Dark Matter proves why you should never watch sci-fi on streaming channels

Apple TV’s Dark Matter does rather suck you in

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Joel Edgerton (Jason) and Jennifer Connelly (Daniela) in Apple TV+’s Dark Matter
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Jason Dessen, the hero (and, as you’ll discover shortly, anti-hero) of Apple TV’s latest sci-fi caper Dark Matter, is a physics professor at a second-rate university in Chicago. You can tell he’s not that good at his job because he introduces the concept of Schrödinger’s cat (surely the only interesting bit in the entirety of physics) five minutes before the end of a lecture. “Oh and the cat dies,” he says to the uninterested students as they file hurriedly out of class.

With no time constraint, sci-fi series on streaming channels can keep spinning you along for…

Jason Dessen, the hero (and, as you’ll discover shortly, anti-hero) of Apple TV’s latest sci-fi caper Dark Matter, is a physics professor at a second-rate university in Chicago. You can tell he’s not that good at his job because he introduces the concept of Schrödinger’s cat (surely the only interesting bit in the entirety of physics) five minutes before the end of a lecture. “Oh and the cat dies,” he says to the uninterested students as they file hurriedly out of class.

With no time constraint, sci-fi series on streaming channels can keep spinning you along for all eternity

Still, at least he’s happy. His teenage son might have been genetically engineered to fit the phrase “but he’s a great kid” and his hot wife Daniela is beyond perfect. Want to know how perfect? Well it’s their weekly special quality-time date night — when they get to drink wine and dance smoochily together and embarrass their son — and suddenly Daniela spots some text messages coming through on his phone.

Is she monitoring him for infidelity? Why, no. She’s following her instinctive urge to make her husband’s life even better. The texts are from his best mate Ryan, who has just won a major science prize and wants him to come for a few drinks in the bar down the road to celebrate. “But it’s our date night!” protests Dessen (who is also a perfect spouse). “Go and be with your male friend on this special day. You know you want to,” she says (or similar). So off he goes, much to the incredulous bemusement of all male viewers everywhere.

Meanwhile, in a parallel universe, a very different Jason — Jason2 — is living a much more successful life. Instead of sacrificing his ambitions for family, he has pursed them ruthlessly and ended up creating a gigantic box, based on the Schrödinger’s cat one, which somehow enables him to enter infinite parallel universes, such as the one inhabited by Jason. So that’s where nasty Jason2 goes, role-swapping with nice Jason in order to gain the two things missing from his otherwise finely honed existence: a cute kid and an amenable wife.

This essentially is the premise of Dark Matter, adapted by Blake Crouch from his own novel, and it does rather suck you in. Have we not all mused, at some time, about the road not taken? What might we do differently if we had the power to re-edit our lives? And would those re-edits be consequence-free or would retroactively ironing out all our old mistakes only end up creating bigger problems elsewhere?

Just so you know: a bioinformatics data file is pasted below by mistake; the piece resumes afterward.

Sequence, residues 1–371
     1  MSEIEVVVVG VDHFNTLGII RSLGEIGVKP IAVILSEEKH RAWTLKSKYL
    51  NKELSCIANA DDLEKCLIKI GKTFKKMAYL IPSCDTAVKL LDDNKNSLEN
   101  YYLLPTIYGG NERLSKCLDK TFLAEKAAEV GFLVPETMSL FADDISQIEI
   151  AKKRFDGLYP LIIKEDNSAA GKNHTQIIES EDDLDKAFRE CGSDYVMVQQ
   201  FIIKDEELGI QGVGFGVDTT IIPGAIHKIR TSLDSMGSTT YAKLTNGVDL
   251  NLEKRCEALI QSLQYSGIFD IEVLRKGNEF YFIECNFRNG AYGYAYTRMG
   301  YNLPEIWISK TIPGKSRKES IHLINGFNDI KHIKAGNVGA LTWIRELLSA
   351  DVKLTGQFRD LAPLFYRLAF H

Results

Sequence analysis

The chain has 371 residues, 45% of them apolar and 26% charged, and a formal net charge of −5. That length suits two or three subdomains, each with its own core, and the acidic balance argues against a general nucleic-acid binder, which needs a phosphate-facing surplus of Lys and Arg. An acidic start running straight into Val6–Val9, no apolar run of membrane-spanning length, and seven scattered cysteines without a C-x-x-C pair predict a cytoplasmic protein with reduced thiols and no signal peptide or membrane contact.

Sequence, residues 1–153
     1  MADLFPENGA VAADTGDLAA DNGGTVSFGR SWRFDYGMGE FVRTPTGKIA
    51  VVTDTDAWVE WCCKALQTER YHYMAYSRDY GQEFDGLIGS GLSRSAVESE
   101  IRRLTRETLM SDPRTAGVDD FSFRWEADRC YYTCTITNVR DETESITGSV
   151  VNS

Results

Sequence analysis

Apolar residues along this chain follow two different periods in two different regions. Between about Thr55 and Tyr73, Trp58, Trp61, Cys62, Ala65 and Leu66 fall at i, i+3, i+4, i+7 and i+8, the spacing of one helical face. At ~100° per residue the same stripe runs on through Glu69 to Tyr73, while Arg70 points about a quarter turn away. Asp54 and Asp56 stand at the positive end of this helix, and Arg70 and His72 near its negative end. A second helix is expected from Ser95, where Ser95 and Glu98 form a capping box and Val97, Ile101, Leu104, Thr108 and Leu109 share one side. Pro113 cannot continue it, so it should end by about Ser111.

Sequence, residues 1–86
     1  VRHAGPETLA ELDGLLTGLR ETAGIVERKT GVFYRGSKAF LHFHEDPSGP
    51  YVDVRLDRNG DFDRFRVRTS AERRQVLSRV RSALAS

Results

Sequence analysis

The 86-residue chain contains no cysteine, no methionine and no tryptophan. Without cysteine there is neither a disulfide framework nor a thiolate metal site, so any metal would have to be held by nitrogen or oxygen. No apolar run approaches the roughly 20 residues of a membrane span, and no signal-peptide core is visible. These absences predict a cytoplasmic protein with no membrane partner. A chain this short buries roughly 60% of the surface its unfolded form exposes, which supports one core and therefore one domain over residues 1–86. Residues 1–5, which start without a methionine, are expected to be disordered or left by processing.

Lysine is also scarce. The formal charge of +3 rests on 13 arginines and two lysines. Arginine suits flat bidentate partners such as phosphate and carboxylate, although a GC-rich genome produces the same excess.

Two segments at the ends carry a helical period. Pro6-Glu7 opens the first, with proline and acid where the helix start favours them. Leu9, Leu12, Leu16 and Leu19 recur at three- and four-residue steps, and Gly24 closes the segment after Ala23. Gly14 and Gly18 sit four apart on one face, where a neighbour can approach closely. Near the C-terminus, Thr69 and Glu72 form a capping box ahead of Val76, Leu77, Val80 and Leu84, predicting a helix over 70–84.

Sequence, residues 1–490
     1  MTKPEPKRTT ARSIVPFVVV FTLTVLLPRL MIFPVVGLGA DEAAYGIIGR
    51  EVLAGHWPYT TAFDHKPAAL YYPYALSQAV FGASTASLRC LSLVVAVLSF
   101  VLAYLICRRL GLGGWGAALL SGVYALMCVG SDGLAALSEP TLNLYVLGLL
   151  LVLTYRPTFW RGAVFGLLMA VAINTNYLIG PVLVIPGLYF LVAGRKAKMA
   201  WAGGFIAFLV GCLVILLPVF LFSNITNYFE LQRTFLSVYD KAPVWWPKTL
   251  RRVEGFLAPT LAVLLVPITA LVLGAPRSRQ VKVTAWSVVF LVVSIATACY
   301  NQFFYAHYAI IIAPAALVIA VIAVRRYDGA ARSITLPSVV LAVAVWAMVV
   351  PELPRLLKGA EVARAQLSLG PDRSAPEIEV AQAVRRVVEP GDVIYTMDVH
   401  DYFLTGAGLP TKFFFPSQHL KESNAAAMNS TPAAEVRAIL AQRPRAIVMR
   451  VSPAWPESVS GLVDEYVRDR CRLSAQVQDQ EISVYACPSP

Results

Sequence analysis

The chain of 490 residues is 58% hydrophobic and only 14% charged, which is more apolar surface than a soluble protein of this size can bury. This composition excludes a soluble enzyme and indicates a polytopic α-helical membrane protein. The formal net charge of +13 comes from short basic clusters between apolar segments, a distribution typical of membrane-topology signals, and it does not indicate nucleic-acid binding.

It’s not as easy as you think, as Jason2 quickly discovers when he tries to insert himself into the cozy life of original Jason. He keeps failing, not just because of basic difficulties like not knowing where the coffee is kept, or never having met the old friends coming to dinner, but also because he is fundamentally a different person. In the parallel world where he was driven and super-successful he developed a hardness, rapaciousnes and taste for high living which render him wholly unsuited to being an easy-going family man on a professor’s meagre salary.

The Jekyll and Hyde differences between the two Jasons are nicely captured by Joel Edgerton. Initially, and plausibly, his new, complete-bastard persona is quite alluring for his wife (Jennifer Connolly) because now every night feels like a proper first-date night; but then all that eagerness begins to give her the creeps. It’s like a different version of the transformation of Walter White’s character in Breaking Bad — an obvious influence — as he goes from struggling science teacher to crystal-meth-dealing kingpin.

Unfortunately, this being sci-fi, Dark Matter is unable to stay charming, domestic and self-contained in the manner of road-not-taken films like Sliding Doors or Groundhog Day. Instead, it has to expand ever further outwards into the infinite possibilities offered by quantum theory and the multiverse.

This is the point — I’m about to begin episode five of seven — where you realize: “It’s all starting to get a bit generic, future-shock sci-fi on me. The plot could now go in any direction it pleases, regardless of plausibility. But I can’t escape because I’ve got to know and quite like some of these characters, so I’m going to have to keep watching if only to see whether or not nice Jason manages to get back to his lovely wife and his life of pleasantness before nasty Jason2 completely ruins everything.”

Which reminds me of an old rule that I really must learn to apply more: never watch sci-fi series on streaming channels because, unlike with films, there is no time constraint, so they can afford to keep spinning you along, Lost-style, for all eternity with nary a satisfying denouement.

This article was originally published in The Spectators UK magazine. Subscribe to the World edition here.